Have you heard of the “DOD Excess Property Program”? If you haven’t, long story short is that as an output of our wars in the Middle East, the US has a bunch of excess military supplies, gear, and vehicles that are no longer needed. Therefore, communities are able to buy, and in many times receive for free, these items to use.
Candidly, many of these items are incredibly unnecessary for domestic communities. Take the following image for example:
If you can’t read the inscription, that says “San Diego Unified School District”. Equipment like this has prompted a national debate as to whether domestic militarization is occurring. That is not the intent of this article.
Instead, I bring this up because a close friend of mine recently saved a woman’s life by using another tool acquired from this same “excess property program” – a military grade tourniquet.
I have written a number of articles and white papers in the past on the topic of leveraging best practices from other industries to improve Healthcare. However, I have not written about how to learn from a variety of healthcare “environments” – and by environments, I mean different settings in which care is delivered.
Beneficial outcomes like the one outlined in the article were the same justification as to why the military a few years back made most active duty troops carry tourniquets because it resulted in saving lives at the initial point of care. Intentional or not, the transfer of tools and knowledge from the military to civilian environment is clearly reaping rewards. I can guarantee the military made this change through the use of data.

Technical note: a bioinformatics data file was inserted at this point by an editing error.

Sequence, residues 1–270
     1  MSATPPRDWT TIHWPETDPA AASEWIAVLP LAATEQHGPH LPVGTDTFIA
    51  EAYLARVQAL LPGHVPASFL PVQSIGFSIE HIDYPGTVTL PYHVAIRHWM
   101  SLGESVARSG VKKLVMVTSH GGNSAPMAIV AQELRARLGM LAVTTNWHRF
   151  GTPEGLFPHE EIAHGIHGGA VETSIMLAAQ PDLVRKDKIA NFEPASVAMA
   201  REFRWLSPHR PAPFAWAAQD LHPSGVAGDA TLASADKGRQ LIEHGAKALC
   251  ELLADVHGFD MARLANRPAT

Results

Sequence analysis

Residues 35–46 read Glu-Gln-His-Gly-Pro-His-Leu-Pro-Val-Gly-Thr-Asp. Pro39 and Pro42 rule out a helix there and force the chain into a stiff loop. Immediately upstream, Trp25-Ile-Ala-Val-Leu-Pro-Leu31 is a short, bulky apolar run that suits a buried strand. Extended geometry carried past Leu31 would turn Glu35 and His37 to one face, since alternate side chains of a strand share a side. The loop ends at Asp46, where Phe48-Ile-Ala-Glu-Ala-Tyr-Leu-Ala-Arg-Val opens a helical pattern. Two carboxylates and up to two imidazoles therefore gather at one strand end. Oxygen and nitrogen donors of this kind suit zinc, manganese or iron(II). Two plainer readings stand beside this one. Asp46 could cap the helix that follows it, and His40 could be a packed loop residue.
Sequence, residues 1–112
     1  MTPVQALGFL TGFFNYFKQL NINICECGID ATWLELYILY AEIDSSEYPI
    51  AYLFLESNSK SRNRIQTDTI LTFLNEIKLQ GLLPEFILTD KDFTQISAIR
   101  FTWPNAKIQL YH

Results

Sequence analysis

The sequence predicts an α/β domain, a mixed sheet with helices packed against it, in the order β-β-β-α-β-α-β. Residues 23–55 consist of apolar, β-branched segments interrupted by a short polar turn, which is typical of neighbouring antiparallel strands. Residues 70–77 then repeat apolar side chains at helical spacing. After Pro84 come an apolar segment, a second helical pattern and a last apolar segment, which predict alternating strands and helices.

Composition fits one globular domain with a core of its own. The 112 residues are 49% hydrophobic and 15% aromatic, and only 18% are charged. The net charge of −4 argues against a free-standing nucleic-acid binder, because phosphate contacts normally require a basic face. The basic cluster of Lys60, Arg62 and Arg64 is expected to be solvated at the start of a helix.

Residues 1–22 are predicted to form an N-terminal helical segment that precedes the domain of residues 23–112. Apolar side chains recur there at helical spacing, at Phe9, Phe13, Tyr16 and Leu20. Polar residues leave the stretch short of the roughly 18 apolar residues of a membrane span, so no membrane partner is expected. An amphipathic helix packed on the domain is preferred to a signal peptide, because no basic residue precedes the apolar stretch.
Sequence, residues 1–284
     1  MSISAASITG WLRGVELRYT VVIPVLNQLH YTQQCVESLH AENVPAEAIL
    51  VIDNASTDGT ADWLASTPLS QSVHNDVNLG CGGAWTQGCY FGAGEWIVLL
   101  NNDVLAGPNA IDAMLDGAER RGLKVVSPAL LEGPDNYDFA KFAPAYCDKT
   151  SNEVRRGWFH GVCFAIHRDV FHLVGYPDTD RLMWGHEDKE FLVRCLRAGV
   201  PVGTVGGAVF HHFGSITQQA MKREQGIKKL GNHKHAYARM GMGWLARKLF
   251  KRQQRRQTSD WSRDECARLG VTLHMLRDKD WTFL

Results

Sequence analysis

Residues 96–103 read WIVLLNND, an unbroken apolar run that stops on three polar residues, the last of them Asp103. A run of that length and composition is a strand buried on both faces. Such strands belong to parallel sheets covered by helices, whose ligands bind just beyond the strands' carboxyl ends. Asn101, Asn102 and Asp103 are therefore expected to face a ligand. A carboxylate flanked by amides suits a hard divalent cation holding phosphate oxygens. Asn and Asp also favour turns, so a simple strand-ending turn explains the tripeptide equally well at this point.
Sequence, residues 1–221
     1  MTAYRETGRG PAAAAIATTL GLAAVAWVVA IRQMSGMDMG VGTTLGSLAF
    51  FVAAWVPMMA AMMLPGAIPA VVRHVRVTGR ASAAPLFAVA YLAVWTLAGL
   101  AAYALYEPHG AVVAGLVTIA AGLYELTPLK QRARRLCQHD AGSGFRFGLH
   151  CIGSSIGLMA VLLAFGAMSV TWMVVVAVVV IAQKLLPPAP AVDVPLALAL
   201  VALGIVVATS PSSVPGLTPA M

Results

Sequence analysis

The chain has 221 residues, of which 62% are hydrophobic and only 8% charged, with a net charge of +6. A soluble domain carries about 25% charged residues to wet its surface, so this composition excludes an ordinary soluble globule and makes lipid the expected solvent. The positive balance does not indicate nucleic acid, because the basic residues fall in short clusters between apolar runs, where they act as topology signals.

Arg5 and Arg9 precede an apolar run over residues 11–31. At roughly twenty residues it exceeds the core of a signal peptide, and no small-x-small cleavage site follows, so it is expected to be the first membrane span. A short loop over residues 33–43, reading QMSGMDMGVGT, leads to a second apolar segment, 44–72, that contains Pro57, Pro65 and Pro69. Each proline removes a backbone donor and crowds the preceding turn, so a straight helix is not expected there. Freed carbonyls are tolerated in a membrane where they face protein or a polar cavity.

Are there other opportunities to leverage techniques, approaches, or tools from different environments? What about between rural and metropolitan hospitals?
It is critically important that we identify activities that drive great outcomes and rationalize how to embed these into guidelines, processes, and approaches for clinical and non-clinical interactions. However, it can not just be about one instance in which we see positive results (or negative) from a tool, approach, or technique.
Instead, referring to the scenario above, we need to know how many times across the US a military tourniquet was used and resulted in a positive outcome – this is a helpful metric that requires the analysis of large quantities of data. Expand this type of learning on a macro scale and it represents a another opportunity where technology can have a tremendous impact in healthcare.
Call it what you want – analytics works for me.
Data is a highly credible way to elicit change. Outside of the human component, each interaction at a clinical or non-clinical level is a data point. The struggle in Healthcare is that culling through data points like these, on a mass scale, has historically been quite challenging. Information is stored in disparate systems, with limited interoperability, and often is not truly actionable (i.e. not contextually relevant)
New tools that have been brought to the market, like Salesforce’s Wave will provide new frameworks to dissect this information. Wave takes analytics to the cloud with a mobile first focus, while also allowing dynamic interaction by business users, not just technical resources. Data, both structured and unstructured, can be viewed in interactive dashboards, lenses, and charts and be relevant for the present, rather than being stagnant.
Real-time access to analytics provides organizations with a robust tool to continually adapt workflows and process, across their technology backbone, to continually deliver the best products and services for its customers – when those customers are patients, visibility into this information is compounded.